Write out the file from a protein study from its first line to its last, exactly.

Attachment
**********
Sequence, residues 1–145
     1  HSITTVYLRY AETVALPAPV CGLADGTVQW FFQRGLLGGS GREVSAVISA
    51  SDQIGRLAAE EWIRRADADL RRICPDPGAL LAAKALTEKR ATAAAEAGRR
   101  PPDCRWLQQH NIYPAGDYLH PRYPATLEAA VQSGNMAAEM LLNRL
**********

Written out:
Sequence, residues 1–145
     1  HSITTVYLRY AETVALPAPV CGLADGTVQW FFQRGLLGGS GREVSAVISA
    51  SDQIGRLAAE EWIRRADADL RRICPDPGAL LAAKALTEKR ATAAAEAGRR
   101  PPDCRWLQQH NIYPAGDYLH PRYPATLEAA VQSGNMAAEM LLNRL